There is a reason why military and foreign intervention doesn’t work. These interventions thrust “solutions” onto the people of the country intervened in. These “solutions” are the intervening power’s idea of what the ideal is, and are not necessarily the ideal for the people with whose country the intervention occurs. […]
The military options for the West vis-a-vis Iraq and the IS are limited without some ability to operate permissively in Syria. This would require movement toward a political settlement to the Syrian civil war and an arrangement with Assad. We would need to work with those we find in power […]
There are arguments that to prosecute is to interfere with the right of self-determination of the Syrian people. However, when there is evidence of mass atrocities, with clear ideas as to who is responsible, the prosecution cannot be considered to be “taking sides”.
Absent genuine geopolitical interest in another country’s conflicts, the West should stay out of others’ civil wars lest it risks exacerbating them and contributing to chaos through elicitation of false hopes.
Peace journalism is key for ensuring that conflict is accurately and appropriately reported, with its genesis and circumstances fully explained, and that local peacebuilding ideas and solutions get the visibility they deserve.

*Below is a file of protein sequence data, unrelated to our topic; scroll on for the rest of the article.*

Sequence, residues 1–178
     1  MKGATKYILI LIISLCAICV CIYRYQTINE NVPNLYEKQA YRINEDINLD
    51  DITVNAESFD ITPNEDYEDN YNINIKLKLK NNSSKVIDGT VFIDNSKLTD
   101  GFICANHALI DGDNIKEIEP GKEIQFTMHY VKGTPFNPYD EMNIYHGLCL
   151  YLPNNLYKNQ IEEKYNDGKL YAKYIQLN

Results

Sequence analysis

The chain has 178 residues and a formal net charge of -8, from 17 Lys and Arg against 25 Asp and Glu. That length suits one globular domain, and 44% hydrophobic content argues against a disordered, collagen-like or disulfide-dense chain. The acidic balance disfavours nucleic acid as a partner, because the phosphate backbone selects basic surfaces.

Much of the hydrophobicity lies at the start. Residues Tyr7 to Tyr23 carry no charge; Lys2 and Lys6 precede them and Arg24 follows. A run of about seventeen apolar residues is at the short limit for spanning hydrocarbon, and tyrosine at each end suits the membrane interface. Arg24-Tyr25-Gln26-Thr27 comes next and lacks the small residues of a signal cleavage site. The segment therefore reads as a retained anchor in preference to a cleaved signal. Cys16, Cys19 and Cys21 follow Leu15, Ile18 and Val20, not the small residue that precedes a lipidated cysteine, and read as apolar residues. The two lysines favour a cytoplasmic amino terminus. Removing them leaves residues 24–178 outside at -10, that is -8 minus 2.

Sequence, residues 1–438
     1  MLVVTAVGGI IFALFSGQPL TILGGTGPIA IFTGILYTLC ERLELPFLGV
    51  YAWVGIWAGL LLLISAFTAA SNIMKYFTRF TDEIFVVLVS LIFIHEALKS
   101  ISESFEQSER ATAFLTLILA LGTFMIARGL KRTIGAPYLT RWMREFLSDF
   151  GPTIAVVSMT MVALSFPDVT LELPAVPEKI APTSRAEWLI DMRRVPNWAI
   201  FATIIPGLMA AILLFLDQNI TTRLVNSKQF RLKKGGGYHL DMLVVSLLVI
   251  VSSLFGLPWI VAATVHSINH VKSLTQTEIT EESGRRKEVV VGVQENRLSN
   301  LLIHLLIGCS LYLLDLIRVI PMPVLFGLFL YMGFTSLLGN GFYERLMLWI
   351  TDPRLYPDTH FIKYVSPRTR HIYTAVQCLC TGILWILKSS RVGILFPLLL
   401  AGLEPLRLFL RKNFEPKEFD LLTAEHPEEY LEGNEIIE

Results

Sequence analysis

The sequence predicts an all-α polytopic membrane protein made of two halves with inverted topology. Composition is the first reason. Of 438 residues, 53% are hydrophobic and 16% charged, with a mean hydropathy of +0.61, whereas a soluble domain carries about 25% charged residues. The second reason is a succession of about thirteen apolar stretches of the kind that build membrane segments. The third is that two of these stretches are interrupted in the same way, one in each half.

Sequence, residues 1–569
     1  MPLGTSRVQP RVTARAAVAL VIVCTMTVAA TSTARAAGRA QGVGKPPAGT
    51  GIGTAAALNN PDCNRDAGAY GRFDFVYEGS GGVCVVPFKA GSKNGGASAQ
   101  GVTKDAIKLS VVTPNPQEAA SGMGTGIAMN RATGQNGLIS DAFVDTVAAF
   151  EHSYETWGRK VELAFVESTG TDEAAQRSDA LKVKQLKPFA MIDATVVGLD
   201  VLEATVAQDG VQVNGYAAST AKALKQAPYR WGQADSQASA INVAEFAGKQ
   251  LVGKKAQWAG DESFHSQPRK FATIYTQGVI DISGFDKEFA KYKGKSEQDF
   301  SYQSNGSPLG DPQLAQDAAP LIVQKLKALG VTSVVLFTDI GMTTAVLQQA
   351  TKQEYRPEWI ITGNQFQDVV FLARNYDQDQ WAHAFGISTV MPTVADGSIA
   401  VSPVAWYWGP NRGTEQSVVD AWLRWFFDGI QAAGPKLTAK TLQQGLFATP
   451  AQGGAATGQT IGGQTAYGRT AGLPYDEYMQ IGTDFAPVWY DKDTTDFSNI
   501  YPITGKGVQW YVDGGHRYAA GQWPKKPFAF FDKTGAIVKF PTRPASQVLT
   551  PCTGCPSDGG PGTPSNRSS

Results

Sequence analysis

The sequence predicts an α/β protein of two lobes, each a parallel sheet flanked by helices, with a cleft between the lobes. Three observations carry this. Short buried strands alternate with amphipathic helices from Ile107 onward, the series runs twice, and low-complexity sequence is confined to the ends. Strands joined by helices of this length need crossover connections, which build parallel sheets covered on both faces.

The trajectory of the Geneva II negotiations – either towards convergence (resolution) or divergence (non-resolution) – will affect the outcome of one of the most violent and protracted conflicts in the Middle East.
Research by women’s right organizations purports that the prevalence of child marriage is not due to lack of awareness about the concerns of the practice, but due to the social prejudice that girls face. While reports are inconclusive as to the rate of increase of child marriages among refugee populations, […]
In the chaos of Syria’s civil war local peacebuilders are finding ways to bring respite for tired civilians from suffering and danger.